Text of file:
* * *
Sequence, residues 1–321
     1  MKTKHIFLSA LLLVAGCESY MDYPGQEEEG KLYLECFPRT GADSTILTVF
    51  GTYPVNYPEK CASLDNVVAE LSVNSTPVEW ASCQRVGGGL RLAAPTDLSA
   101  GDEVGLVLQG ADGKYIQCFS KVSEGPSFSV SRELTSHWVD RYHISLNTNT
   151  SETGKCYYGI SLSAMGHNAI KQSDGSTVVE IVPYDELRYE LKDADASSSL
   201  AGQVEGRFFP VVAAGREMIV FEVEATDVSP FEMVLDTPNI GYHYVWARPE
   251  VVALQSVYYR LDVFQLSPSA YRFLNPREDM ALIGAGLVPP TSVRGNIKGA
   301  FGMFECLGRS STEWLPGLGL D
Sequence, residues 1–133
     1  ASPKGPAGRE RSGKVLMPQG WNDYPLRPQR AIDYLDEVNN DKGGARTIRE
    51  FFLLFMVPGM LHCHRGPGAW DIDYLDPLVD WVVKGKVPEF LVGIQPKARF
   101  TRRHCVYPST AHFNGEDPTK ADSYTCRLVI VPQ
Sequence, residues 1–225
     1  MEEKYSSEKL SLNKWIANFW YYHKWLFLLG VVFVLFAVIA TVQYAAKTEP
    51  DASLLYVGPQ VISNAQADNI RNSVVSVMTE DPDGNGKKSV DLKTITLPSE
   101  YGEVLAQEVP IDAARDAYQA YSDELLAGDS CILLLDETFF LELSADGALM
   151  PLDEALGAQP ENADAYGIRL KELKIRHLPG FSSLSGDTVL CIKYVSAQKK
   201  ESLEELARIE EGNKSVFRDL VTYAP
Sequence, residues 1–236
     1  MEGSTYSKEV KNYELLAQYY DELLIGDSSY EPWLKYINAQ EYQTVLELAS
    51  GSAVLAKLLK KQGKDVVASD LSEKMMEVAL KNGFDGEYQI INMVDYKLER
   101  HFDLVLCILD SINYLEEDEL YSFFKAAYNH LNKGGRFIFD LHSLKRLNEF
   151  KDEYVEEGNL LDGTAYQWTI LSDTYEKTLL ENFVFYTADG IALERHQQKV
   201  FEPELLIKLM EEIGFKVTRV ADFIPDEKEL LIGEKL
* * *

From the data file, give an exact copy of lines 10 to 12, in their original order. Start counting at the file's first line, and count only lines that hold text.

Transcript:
     1  ASPKGPAGRE RSGKVLMPQG WNDYPLRPQR AIDYLDEVNN DKGGARTIRE
    51  FFLLFMVPGM LHCHRGPGAW DIDYLDPLVD WVVKGKVPEF LVGIQPKARF
   101  TRRHCVYPST AHFNGEDPTK ADSYTCRLVI VPQ